I’ve never thought of myself as butch or femme, I like “men’s” clothing and I adore lipstick. I won’t wear dresses, but I am nuts about perfume. I wear men’s shoes but women’s shirts. But isn’t this what Lesbian Feminism was about? Jettisoning the gender roles we were raised to believe in, throwing out the stereotypes and claiming that as women we could be anything we wanted to be, dress any way we wanted to dress. I’m gender fluid if you think of gender as something fixed in our bodies. But if gender is just a social concept, which I think it is, then I’m just as much a woman when I’m wearing the clothing that was marketed for men as I am wearing clothing marketed for women. Everyone’s gender is fluid because gender is a social construct that changes over time and culture.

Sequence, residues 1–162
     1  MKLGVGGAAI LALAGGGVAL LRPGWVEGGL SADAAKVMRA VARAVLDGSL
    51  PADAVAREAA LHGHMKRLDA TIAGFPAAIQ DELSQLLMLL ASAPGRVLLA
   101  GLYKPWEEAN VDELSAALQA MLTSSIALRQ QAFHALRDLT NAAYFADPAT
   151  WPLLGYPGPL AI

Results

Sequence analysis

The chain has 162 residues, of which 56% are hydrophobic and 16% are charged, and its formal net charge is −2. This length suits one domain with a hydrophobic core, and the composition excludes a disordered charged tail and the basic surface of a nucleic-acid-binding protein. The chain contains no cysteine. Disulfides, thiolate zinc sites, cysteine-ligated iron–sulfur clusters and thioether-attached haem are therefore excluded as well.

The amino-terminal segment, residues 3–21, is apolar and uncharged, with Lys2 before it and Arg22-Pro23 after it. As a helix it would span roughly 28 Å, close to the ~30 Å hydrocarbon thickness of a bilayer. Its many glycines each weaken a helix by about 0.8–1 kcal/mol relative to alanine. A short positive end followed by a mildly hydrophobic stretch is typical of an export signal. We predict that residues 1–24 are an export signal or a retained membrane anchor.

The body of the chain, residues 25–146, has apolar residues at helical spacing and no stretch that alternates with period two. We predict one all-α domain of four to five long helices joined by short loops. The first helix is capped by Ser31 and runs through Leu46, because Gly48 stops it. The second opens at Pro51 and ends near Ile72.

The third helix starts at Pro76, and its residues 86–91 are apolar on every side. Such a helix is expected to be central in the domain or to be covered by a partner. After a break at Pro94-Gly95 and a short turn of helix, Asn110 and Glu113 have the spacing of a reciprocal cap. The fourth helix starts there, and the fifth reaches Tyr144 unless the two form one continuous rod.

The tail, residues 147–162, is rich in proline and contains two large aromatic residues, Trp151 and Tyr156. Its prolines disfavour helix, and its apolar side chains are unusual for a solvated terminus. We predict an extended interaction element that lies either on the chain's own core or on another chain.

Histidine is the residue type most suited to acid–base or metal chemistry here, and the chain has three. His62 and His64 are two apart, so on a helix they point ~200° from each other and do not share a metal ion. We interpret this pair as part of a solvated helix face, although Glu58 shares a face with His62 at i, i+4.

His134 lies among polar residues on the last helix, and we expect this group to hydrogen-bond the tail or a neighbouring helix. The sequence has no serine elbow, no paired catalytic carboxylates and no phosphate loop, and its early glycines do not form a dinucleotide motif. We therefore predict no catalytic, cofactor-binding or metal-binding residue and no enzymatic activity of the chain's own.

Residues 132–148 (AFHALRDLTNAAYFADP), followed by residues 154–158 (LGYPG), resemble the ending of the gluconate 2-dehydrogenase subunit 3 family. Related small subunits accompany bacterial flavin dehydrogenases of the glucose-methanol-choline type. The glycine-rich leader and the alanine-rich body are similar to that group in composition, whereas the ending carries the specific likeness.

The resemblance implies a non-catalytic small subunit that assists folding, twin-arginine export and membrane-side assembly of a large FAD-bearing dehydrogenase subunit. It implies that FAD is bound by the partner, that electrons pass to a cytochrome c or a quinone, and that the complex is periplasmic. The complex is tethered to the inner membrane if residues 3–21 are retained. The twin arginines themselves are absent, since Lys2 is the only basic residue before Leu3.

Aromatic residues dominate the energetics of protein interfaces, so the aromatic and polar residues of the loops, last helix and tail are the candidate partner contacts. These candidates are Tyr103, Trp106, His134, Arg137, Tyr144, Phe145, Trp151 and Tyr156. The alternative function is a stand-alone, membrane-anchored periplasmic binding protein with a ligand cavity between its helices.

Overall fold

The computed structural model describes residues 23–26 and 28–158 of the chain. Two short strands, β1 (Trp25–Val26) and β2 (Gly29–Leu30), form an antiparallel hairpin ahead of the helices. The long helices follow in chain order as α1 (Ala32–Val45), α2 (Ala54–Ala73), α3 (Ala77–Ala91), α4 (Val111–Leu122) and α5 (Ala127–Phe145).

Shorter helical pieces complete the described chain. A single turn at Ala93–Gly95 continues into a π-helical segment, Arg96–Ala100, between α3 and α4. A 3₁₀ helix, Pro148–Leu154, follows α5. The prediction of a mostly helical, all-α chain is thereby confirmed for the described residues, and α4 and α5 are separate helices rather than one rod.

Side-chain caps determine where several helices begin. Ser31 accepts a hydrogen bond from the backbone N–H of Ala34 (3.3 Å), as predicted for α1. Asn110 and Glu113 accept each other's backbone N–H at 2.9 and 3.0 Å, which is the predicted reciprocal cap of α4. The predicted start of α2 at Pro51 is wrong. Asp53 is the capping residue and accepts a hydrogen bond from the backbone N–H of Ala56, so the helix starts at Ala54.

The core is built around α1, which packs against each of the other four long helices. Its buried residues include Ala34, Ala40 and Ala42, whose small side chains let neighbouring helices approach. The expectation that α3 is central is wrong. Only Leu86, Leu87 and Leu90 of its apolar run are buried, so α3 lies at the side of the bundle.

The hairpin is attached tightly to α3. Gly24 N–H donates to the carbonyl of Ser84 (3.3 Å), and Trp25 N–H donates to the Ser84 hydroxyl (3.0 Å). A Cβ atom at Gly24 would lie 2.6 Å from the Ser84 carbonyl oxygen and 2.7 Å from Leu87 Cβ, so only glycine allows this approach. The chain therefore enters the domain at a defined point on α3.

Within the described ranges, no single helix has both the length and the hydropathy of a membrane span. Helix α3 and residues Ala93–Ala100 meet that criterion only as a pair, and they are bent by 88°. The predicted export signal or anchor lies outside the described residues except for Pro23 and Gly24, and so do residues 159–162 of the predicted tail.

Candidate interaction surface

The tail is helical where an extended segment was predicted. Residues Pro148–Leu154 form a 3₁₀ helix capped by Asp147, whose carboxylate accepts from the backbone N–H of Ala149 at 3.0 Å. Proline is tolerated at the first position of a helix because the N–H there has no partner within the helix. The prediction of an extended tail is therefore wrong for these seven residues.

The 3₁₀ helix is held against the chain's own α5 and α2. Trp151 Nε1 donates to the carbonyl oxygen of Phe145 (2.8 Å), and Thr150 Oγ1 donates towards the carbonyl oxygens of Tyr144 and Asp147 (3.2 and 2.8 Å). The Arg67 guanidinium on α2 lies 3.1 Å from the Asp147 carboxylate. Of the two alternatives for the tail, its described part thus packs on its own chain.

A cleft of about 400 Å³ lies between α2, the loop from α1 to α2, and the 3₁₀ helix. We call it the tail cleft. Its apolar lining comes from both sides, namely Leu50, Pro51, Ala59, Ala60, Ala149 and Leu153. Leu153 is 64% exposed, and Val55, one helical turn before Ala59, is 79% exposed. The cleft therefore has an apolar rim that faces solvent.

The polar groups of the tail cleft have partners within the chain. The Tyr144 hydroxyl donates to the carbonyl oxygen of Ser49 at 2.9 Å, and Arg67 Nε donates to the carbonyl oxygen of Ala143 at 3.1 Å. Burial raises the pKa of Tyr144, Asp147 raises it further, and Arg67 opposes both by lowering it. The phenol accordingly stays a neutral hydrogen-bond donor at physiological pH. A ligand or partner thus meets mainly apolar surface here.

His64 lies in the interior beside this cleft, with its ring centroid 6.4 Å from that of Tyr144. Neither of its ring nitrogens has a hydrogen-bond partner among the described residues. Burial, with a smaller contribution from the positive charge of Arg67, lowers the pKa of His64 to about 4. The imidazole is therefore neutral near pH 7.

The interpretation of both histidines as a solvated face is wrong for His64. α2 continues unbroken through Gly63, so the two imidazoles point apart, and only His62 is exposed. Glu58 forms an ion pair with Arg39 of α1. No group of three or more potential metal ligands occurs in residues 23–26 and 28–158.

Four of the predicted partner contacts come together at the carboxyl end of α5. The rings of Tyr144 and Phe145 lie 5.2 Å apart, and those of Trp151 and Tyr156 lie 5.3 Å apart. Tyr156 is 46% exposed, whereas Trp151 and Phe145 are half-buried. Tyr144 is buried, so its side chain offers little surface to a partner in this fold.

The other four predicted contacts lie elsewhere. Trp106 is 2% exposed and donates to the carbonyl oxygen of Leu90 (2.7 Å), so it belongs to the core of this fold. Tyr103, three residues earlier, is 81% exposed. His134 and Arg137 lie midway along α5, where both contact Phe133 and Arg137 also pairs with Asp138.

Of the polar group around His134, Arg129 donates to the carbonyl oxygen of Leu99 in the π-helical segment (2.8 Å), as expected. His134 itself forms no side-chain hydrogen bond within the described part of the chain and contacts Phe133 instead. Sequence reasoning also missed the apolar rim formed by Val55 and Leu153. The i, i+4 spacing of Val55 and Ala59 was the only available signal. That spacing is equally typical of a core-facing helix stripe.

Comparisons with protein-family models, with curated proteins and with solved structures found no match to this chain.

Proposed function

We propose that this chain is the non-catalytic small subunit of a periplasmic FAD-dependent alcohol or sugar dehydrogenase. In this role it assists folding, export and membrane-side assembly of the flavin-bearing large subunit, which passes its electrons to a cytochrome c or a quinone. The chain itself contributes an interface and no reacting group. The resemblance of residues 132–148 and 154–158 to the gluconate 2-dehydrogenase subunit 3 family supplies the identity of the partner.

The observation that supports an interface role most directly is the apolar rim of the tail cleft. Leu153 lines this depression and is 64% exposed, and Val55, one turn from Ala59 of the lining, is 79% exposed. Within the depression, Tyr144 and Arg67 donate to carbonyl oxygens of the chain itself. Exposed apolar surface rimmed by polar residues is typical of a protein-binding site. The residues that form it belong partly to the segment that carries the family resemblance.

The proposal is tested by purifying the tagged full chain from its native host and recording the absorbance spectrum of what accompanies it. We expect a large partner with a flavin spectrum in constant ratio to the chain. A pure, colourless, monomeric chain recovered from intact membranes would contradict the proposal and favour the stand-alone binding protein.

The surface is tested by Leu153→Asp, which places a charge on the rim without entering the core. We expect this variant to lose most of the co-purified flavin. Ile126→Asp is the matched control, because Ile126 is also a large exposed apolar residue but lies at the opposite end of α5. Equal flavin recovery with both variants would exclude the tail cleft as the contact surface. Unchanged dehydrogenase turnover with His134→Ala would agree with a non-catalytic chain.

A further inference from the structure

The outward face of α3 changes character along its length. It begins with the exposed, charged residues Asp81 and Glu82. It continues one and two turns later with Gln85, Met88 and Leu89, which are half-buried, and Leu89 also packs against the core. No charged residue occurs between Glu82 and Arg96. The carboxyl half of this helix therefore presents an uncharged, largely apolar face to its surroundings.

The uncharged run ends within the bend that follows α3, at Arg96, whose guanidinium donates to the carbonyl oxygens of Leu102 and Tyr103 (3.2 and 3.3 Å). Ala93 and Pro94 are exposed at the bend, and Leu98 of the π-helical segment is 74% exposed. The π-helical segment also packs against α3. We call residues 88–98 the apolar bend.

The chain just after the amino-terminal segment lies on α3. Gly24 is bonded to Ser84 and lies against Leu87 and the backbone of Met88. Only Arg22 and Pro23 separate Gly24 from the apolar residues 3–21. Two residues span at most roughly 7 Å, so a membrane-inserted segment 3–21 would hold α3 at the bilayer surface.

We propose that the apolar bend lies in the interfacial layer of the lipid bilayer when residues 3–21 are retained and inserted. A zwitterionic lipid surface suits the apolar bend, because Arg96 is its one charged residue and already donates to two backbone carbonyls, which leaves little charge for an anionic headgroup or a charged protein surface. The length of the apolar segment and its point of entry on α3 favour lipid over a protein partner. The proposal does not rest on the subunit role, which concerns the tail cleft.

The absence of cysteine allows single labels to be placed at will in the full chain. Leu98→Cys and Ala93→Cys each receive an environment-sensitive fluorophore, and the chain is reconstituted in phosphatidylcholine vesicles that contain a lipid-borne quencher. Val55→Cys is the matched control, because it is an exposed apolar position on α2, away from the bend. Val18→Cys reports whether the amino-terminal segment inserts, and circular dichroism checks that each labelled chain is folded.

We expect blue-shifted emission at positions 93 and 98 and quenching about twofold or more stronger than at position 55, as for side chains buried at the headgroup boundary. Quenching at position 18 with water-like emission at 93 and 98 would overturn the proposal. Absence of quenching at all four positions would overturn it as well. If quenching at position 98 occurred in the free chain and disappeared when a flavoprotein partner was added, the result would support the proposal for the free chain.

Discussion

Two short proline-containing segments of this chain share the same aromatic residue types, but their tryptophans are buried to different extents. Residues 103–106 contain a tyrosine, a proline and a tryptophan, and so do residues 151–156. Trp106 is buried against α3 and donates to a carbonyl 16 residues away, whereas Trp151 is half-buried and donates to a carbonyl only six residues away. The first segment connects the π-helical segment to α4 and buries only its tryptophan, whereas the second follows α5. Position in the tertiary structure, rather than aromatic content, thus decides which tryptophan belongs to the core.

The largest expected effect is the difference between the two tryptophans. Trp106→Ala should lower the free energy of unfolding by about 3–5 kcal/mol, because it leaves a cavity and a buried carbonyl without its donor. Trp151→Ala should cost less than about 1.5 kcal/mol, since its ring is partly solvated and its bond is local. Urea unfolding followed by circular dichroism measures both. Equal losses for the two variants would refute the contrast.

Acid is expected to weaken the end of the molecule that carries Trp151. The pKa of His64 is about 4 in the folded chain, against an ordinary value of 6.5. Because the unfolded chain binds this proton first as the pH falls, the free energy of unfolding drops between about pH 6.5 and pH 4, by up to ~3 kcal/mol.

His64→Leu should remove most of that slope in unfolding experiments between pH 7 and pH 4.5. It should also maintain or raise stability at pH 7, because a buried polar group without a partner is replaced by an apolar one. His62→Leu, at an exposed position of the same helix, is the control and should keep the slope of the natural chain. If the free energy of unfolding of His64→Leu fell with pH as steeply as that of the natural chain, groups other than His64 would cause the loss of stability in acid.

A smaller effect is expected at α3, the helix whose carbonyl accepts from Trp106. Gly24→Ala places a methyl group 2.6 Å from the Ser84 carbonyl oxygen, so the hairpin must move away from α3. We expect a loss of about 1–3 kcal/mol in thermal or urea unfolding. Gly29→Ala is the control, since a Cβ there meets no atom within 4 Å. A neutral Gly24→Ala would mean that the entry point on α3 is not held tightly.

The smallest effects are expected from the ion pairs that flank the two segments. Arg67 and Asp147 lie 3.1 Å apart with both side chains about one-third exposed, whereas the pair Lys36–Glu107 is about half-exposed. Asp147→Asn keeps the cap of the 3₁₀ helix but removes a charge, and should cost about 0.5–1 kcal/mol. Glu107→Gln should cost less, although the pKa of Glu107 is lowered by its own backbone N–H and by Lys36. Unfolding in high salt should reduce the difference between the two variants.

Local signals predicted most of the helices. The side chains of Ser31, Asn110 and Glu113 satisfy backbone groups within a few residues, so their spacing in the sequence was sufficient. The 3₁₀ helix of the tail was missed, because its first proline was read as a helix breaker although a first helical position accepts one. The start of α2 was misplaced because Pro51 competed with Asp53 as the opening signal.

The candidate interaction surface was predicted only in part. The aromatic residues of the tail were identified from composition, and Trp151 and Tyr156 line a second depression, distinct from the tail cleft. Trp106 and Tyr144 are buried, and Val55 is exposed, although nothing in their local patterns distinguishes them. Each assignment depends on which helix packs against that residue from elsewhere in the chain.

As for the world knowing who I am, some do, some don’t and the rest can ask if they are curious. I’m happy to discuss it, but frankly I look like most of the women in Vermont, straight, queer or in between.

  • Echo Brooks says:

    Hi Liza,

    I too consider myself gender fluid and I agree many people would fit that category if you removed the social construct you speak of. However I do not consider myself a woman, yet I certainly am not a man. I consider myself a little of both and a lot of neither. I have attributes of both but do not feel comfortable being considered either. I have learned to live within the confines of the label society has given me based on my genitalia. But no matter what clothing I choose to wear, even if those designed for my assigned gender, it will always be a misrepresentation of who I am. I am free to wear what I want, but people will always create the picture they choose based on my assumed gender and the clothes I choose to wear that day.

    ~EB